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Reviewed March 11th, 2001 by Todd Terwilliger


Princess Mononoke (Mononoke) is one of those rare films that demands the reappraisal of a genre. The genre, in this instance, is anime. Though anime has had a cult following for some time, it is only recently gaining mainstream attention. If you thought that all anime consisted of large heads and big eyes, this is the film to show you otherwise.

Inflicted with a fatal disease from a dying forest god, Prince Ashitaka must leave his sheltered village and travel west in search of the cure. Along the way, Ashitaka is confronted with the dilemma of man encroaching upon nature.

This conflict is centered around Iron Town, a mining village on the edge of the primeval forest. Lady Eboshi, mistress of Iron Town, encroaches daily upon the forest, in direct dispute with the forest gods. Ashitaka finds himself thrust in the middle of the bitter battle, torn between man and nature.

Buena Vista presents both the original Japanese language track and an English dubbed track. Stars including Billy Crudup (Ashitaka), Minnie Driver (Eboshi) and Gillian Anderson (Moro) lend their voices to the English track and deliver outstanding performances. While different from the Japanese script, the English conveys the meanings well with little loss in translation. This is an A-1 job and sets the benchmark for future anime translations.

The soundtrack is delivered in Dolby Digital 5.1 surround and is well done. Dialog is locked in the center channel and delivered cleanly. There is some nice movement through the sound field. Arrows wiz convincingly through the air and the cannons erupt with deep throated bass. In addition to the English and Japanese language tracks, a French language track is also present.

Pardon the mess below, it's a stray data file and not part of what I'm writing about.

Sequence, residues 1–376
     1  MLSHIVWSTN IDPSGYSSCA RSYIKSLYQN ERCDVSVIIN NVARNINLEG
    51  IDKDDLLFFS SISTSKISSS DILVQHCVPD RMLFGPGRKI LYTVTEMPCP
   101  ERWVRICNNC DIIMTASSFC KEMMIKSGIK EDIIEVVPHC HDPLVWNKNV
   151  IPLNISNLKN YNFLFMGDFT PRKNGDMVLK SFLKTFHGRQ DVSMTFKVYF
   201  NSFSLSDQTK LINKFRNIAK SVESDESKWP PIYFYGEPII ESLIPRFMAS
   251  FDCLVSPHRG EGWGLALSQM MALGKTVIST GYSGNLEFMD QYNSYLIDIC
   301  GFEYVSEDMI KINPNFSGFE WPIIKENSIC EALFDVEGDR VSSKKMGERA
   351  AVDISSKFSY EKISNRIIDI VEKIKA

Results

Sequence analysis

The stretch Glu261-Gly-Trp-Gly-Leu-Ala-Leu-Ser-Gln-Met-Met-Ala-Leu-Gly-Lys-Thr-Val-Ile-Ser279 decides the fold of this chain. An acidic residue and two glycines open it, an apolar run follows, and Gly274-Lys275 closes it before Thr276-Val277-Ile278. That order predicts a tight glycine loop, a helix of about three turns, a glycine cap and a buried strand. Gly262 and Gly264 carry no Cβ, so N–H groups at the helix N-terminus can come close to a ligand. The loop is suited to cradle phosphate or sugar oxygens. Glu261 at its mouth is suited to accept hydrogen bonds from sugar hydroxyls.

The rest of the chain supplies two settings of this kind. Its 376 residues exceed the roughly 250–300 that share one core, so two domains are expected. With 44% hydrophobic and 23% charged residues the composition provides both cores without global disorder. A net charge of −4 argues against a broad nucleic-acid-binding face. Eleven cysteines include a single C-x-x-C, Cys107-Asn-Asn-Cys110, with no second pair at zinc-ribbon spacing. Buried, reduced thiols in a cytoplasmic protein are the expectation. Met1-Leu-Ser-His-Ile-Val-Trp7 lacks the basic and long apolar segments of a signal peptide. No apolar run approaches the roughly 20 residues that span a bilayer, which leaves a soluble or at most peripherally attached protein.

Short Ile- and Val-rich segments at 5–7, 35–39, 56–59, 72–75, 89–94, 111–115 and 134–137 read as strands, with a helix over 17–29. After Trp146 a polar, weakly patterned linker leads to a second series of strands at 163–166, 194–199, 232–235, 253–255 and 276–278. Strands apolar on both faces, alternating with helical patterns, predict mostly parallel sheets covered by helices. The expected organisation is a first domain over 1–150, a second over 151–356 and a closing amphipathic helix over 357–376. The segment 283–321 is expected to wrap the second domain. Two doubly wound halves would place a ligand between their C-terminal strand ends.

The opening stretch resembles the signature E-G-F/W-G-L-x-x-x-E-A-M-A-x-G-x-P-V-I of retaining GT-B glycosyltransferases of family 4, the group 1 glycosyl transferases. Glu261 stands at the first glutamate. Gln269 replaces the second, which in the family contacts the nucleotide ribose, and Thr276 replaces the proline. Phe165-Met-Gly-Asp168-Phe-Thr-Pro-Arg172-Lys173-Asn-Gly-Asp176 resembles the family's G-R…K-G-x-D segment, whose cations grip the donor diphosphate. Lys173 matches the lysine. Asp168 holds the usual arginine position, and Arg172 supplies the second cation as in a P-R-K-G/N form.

The video really shines. Presented in a 1.85:1 anamorphic aspect ratio, the lush palette of colors is reproduced vividly. There is good separation between colors and the skin tones are not over-saturated. There is no dirt or scratches to speak of and I was hard pressed to find any sort of pixelation, even in the darker tones. This is as good a transfer as a cartoon can get.

The extra features are limited but not without merit. There is an interesting featurette on the production of the film, including interviews with the Hollywood talent that lent their voices to the movie. A theatrical trailer wraps up the spare extras section.

Princess Mononoke is a great film that happens to be animated. The animation won't blow your socks off but it is very effective for the storytelling. The real magic is in the story itself and its strong characters. Each of the major players is motivated by real needs and desires. Like many similar films (both animated and not) the tale of Mononoke is the tale of man on the edge of the industrial age, in the time of waning magic and growing mercantilism. It's questions are timeless, as is it's appeal.


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